The would-be synchronic moment in global politics today is geographically situated in the West and South Asia. Within the region it is focused on “Af-Pak”. The fulcrum is the province of Balochistan. And within Balochistan, the pivot is the dusty, obscure coastal town of Gwadar. Gwadar has a spanking new deep water port. Wheels within wheels. Devices within devices.
Since 1979 seriality has been the idiom of US foreign and military politics in West Asia. The current serial effort is dedicated to fomenting secessionism and civil strife in Iran and Pakistan, while co-opting “moderate” Afghan Taliban and supplying the Baloch guerillas on both sides of the Pakistan-Iran border. Citing instability and the obvious dangers of weapons of mass destruction Washington has issued a clarion call to mobilize international sentiment against the Islamic Republic of Iran and put in place a military contingency plan to seize control of Pakistan’s nuclear facilities. Solutions to the various “humanitarian crises” that would logically follow in the wake of state failure in both countries opens up the contingency of engineering regime change in Iran or redrawing borders such that the long awaited pipeline to Central Asia can be constructed. At the heart of this trajectory is a bigger geo-strategic ambition, namely, to contain China and prevent the Russians from using their energy resources to expand their influence in Europe. By now it is clear that China can out-produce anyone in consumer goods. The wars of the future are about energy. On account of being in the ground, energy resources are geographically stable. The will to hegemony, therefore, is now centered in territorial control of the colonial variety. Quite contrary to the claim that “globalization” is a deterritorializing process, the wars of the future will be about land. They already are.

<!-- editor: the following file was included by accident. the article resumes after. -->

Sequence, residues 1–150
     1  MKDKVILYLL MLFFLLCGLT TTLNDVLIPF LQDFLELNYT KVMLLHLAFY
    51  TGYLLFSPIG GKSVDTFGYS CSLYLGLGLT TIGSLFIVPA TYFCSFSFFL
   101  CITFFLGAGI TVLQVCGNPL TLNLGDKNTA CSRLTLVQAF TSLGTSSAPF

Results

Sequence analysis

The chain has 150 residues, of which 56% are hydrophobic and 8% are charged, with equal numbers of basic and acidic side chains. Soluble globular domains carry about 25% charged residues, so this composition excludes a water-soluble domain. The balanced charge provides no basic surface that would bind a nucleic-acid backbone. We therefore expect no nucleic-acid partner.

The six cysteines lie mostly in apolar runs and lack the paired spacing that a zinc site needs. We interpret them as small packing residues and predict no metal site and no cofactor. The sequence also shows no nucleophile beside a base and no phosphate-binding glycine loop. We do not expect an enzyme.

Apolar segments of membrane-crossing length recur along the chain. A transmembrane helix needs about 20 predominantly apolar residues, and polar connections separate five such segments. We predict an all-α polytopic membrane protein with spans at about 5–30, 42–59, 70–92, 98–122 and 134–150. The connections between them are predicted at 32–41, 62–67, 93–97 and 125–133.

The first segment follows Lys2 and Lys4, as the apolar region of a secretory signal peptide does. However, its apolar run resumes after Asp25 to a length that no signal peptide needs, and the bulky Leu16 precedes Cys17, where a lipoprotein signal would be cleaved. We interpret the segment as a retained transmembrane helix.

There is a primitive and well worn logic at work in the Af-Pak war. In polyglot Af-Pak, where dozens of opposition groups and “insurgents” exist, or can be made to exist, destabilization is easy to arrange. But, for two important reasons, US seriality in Af-Pak is not going to coalesce into the synchronic moment when the shattered and war-torn region finally submits to hosting the pipeline that would deliver energy to the West via the Indian Ocean and overtake the Chinese in Central Asia.
First, public sentiment in the global south has permanently turned a corner. This is not because American rhetoric about democracy and freedom has rung hollow for some time now, or that the neo-liberal economic agenda has been discredited on a global scale. It is because China provides a new pedagogy of capitalist development that is vastly more attractive than the American promise of (largely undelivered) freedoms. The inconvenient truth about freedom delivery was announced to a shocked but thankfully small American reading public in 2006, when the erstwhile Chairman of the Federal Reserve Board wrote a book with that one memorable sentence: “The Iraq War,” said Greenspan, “is largely about oil.” It is 2010, and the war(s) are still about oil. This fact has not escaped the notice of the Af-Pak(istani)s. But it took the authority of Greenspan to exhume this “conspiracy theory” and resurrect it as an unassailable truth. By the time it happened, no one was interested anymore. We had moved on to Af-Pak.